By Dan Shea, Planet PDF Contributing Editor.
Originally posted at Planet PDF.
PDF is a mature technology that now has that standing of a de jure standard, controlled
as it now is by an official standards body (the ISO). Between them, the ISO and Adobe before it have built PDF into a powerful and versatile format. It might not be capable of being all things to all people, but its flexibility is undiminished for all that.
The thing is that, while the PDF technology can now handle the inclusion of everything and the kitchen sink, it’s generally not a good idea to try getting it all into a single document. The format can be, well, many things to many people, but individual PDF files can’t. Instead, it’s better to optimize each document for its intended purpose, audience and delivery method.
“Optimizing” a PDF is often focused on reducing its file size by removing unnecessary elements. Of course, the usage case is what determines which parts are important enough to keep. In general, it is often desirable to include only crucial content elements to ensure a (relatively) lightweight file that can be easily emailed, uploaded, downloaded or whatever.
With the proliferation of high-speed internet connections and the always-online culture associated with mobile devices, optimization has become a more nuanced concept. File size is still important, especially if you want mobile users to be able to access your PDFs on-the-go. That said, if the document’s purpose justifies it and your users are all working with broadband connections, why not include those high-quality graphics or fancy bells and whistles like video, dynamic content and 3D? Certain settings like printing workflows might even require the use of large PDFs that contain high-quality images.
So, how best to go about optimizing your PDF documents? First, think about your reasons for producing the document, the identity of your audience, and how they will consume the document. Do you have any special regulatory or accessibility requirements?
The remainder of this article will have a practical look at the nuts and bolts of optimizing PDFs. Rather than try to consider all of the possible usage cases, the following instructional part will focus on reducing PDF file size. I’ll outline how to check which elements are contributing most to file size, touch on some of the things that can make PDFs bigger, and then talk about how to trim down your PDFs using Acrobat.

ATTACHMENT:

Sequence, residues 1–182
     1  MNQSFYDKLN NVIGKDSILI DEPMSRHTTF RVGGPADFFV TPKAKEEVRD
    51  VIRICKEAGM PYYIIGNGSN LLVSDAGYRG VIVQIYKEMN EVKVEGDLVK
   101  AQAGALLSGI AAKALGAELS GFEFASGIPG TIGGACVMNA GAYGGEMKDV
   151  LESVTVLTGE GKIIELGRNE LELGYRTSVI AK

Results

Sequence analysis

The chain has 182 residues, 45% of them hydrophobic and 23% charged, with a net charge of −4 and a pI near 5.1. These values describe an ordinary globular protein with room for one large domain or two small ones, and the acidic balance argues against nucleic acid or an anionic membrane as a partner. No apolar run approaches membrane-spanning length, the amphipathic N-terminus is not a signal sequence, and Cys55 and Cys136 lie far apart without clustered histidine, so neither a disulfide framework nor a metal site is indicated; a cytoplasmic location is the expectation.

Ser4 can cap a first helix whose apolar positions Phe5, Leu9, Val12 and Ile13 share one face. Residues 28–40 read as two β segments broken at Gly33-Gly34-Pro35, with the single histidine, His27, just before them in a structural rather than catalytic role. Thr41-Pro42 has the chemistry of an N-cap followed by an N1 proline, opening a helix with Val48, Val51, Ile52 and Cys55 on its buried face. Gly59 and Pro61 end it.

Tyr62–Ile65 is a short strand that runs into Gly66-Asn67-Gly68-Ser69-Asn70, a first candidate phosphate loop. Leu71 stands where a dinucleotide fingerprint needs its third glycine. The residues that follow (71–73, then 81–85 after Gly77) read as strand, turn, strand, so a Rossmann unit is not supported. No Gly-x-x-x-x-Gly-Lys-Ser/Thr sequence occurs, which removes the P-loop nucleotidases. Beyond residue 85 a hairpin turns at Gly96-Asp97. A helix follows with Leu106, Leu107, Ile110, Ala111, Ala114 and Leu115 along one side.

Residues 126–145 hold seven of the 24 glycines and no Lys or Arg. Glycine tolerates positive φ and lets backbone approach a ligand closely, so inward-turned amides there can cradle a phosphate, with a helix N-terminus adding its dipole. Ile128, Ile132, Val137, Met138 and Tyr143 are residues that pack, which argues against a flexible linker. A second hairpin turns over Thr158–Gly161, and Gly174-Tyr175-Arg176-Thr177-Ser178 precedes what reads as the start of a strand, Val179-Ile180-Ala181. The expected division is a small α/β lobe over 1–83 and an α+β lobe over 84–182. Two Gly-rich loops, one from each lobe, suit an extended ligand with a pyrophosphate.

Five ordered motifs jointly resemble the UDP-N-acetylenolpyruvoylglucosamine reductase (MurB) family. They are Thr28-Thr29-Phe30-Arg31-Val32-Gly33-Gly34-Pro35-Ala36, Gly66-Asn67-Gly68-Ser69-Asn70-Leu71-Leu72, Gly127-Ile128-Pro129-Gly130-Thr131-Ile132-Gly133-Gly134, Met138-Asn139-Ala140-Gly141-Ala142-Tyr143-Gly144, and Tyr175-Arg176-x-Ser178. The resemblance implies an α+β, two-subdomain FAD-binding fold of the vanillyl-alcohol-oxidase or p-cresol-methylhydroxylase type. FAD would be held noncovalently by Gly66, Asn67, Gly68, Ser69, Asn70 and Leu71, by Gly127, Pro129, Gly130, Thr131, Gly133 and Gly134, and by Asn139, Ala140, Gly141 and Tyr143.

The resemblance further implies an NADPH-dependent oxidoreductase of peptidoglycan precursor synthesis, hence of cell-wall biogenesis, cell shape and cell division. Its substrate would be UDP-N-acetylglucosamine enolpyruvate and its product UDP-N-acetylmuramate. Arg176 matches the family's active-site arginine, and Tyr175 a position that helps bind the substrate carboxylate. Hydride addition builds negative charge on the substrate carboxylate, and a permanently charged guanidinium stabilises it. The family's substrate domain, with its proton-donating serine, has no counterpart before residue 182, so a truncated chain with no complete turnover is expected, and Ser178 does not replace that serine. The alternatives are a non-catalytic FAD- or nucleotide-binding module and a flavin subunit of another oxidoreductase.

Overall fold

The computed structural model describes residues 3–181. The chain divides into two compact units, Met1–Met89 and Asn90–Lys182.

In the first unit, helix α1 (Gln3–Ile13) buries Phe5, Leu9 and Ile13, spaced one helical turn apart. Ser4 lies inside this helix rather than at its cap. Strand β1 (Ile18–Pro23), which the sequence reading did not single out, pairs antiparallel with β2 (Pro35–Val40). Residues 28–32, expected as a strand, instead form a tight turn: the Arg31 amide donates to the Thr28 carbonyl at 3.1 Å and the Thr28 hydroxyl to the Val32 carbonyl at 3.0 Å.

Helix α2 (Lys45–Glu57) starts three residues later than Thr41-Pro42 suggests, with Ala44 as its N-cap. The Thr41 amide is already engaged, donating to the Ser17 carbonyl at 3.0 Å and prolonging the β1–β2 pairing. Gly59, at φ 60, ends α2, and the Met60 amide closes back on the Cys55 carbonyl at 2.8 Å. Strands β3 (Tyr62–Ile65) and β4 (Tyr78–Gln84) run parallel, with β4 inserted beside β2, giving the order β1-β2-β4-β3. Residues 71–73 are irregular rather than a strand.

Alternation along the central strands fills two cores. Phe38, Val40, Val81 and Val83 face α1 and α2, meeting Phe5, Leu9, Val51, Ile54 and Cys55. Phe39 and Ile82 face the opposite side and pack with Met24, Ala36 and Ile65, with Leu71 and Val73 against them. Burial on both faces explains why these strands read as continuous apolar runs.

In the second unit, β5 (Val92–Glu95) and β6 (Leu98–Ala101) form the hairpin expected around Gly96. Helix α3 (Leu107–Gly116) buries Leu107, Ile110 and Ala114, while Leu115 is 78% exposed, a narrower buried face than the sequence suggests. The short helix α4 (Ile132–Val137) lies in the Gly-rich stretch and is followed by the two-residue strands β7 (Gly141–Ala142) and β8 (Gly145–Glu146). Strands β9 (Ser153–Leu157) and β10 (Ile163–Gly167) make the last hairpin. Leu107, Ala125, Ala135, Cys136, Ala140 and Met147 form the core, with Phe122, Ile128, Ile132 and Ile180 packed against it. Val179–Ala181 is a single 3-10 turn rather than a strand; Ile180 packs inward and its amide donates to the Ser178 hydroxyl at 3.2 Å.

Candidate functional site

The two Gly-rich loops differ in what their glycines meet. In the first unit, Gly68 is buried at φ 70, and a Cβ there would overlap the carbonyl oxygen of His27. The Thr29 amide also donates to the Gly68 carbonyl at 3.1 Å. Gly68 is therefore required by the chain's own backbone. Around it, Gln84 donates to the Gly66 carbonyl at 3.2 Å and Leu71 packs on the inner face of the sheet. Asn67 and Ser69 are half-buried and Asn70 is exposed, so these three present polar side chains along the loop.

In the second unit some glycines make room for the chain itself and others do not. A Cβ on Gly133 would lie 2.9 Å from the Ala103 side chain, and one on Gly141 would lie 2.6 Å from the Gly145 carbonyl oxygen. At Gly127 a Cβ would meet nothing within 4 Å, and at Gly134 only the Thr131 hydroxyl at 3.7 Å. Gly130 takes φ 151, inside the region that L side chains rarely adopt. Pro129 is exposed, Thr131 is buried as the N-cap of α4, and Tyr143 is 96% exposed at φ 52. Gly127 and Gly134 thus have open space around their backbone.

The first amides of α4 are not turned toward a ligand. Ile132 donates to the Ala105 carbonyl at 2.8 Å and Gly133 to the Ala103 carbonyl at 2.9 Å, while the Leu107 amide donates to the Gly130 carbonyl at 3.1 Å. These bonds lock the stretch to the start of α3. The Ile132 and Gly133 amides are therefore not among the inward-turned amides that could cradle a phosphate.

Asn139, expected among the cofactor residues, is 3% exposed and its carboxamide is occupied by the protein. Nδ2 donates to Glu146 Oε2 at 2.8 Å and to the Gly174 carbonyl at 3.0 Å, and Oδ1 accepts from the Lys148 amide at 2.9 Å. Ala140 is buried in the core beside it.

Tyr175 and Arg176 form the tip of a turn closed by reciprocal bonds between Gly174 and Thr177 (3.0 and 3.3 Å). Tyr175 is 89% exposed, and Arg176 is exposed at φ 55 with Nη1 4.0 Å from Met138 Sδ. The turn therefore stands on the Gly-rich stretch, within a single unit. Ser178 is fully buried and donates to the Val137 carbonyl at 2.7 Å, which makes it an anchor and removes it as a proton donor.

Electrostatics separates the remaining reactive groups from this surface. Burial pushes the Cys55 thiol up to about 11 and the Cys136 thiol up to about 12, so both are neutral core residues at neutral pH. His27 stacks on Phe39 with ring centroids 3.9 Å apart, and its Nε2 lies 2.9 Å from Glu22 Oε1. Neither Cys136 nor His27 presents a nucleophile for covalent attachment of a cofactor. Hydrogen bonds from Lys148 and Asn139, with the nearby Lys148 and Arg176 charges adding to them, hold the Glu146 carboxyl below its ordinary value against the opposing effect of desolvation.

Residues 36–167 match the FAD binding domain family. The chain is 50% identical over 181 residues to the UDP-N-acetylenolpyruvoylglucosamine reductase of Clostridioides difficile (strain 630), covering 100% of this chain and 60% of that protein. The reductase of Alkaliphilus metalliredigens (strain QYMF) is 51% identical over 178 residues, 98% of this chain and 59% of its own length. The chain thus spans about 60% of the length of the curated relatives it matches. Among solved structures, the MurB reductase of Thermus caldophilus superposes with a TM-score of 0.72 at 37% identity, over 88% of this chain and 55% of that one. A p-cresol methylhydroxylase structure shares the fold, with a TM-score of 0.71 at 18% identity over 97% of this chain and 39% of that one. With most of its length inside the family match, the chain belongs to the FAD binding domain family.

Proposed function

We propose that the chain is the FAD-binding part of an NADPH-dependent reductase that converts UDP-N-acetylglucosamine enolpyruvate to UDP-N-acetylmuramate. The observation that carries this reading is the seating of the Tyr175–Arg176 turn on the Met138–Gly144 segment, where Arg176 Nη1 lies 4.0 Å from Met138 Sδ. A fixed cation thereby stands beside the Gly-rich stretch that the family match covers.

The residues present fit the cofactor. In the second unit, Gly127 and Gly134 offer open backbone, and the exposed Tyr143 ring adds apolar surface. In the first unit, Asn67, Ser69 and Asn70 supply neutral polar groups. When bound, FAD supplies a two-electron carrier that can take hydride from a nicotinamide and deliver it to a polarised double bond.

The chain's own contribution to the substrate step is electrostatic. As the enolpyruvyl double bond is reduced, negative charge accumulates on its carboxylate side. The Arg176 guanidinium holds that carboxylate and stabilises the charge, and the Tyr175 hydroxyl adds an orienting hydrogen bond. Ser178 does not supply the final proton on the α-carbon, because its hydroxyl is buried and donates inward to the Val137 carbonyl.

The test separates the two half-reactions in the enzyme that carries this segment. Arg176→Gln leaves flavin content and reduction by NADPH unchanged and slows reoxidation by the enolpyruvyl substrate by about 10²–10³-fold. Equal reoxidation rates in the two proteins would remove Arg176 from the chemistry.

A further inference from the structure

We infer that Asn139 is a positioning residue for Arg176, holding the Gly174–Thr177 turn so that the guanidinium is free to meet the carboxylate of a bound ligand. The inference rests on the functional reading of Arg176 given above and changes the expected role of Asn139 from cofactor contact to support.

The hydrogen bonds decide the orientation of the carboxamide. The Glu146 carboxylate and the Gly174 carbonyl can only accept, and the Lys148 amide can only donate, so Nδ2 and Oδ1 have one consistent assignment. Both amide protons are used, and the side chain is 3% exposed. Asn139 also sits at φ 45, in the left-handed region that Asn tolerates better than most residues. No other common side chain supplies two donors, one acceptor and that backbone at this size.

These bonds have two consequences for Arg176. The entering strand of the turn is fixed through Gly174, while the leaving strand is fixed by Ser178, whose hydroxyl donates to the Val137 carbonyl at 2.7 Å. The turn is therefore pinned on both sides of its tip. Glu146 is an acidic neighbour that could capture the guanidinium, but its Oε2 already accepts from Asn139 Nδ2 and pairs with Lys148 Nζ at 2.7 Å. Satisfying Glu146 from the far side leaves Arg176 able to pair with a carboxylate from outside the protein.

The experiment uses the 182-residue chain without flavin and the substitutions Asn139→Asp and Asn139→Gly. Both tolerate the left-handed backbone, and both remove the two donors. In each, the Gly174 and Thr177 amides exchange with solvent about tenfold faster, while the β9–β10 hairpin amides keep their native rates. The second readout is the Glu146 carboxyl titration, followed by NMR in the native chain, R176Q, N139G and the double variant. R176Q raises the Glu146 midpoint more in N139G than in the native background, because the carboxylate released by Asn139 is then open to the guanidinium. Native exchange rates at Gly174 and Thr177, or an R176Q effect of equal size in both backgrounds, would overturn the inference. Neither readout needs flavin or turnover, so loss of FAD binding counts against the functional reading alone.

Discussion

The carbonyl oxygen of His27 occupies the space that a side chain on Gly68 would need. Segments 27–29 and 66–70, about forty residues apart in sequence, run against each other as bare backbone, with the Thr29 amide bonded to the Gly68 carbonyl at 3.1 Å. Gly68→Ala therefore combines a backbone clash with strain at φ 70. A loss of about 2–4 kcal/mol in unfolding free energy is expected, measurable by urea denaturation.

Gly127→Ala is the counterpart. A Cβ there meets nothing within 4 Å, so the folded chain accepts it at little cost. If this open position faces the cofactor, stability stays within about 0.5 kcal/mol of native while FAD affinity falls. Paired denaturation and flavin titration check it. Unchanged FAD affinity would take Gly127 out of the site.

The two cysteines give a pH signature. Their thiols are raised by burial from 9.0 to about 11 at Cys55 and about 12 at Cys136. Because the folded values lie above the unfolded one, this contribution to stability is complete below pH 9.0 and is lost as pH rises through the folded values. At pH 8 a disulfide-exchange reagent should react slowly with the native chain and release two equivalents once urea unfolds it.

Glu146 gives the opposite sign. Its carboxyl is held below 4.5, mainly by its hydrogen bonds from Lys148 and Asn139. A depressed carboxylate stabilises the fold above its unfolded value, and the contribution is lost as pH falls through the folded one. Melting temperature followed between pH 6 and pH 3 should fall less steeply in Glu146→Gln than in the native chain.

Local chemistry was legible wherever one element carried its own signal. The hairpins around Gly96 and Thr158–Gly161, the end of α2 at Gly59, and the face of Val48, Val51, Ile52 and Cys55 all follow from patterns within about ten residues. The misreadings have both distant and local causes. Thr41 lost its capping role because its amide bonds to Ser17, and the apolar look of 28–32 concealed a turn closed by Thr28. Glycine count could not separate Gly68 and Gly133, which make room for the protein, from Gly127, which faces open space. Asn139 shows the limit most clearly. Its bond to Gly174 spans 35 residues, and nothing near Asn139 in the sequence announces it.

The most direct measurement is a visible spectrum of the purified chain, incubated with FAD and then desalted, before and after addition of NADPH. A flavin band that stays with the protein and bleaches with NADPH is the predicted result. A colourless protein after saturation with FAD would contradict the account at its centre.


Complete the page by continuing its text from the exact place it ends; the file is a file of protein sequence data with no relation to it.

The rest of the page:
Using the Save As command
As the final step before sending off your PDF for delivery, whatever that means in your setting, use the Save As command (File > Save As). Why? When you perform a normal Save, Acrobat appends any changes to the PDF file. While these changes are invisible in a standard PDF viewer, they still contribute to total file size. Using the Save As command discards this information, rewriting the PDF in the most efficient way possible and reducing its file size. This will also enable Fast Web View, which improves online viewing by allowing viewers to download each page as they read it rather than waiting for the entire document to download.
In short, Save As should always be your last step before sending off your PDFs.
Acrobat has a very handy feature. Well, OK, it has quite a few handy features, but the one I mean now is called the PDF Optimizer. It’s pretty seamlessly integrated into the Acrobat interface, so it’s possible that you have been using Acrobat for years and either haven’t used it or haven’t realized that you’ve already been using it.
Intrigued? Acrobat’s PDF Optimizer is actually sort of hidden behind our new friend, the Save As command (File > Save As). If you choose “Adobe PDF Files, Optimized”, the greyed-out “Settings” button will become live, and clicking on it opens the PDF Optimizer interface.
If you just choose to Save As an optimized PDF without opening the PDF Optimizer interface, Acrobat will still optimize your PDF based on its current settings, which may well reduce file size. Regardless, it will still efficiently re-write your PDF just like the “vanilla” Save As PDF option. While that’s a good start, you may well be able to minimize file size by adjusting the settings some.
Audit space usage
Before you start removing content elements, downsampling images and the like, it’s helpful to identify what is actually taking up the most space in your PDF. Luckily, the PDF Optimizer has a feature that can handle just this sort of thing. To activate it, just click on the “Audit space usage…” button in the top-right of the PDF Optimizer window. If you have any trouble finding the button, this video outlines how to find it in Acrobat. You’ll then get a dialog that will break down your PDF by the space used by each type of content. It will also tell you the percentage of total file size accounted for by each content type. This will tell you where you can best direct your attention to produce the biggest reductions in total file size.
That’s the end of Part 1. In Part 2, Dan outlines how to use the PDF Optimizer.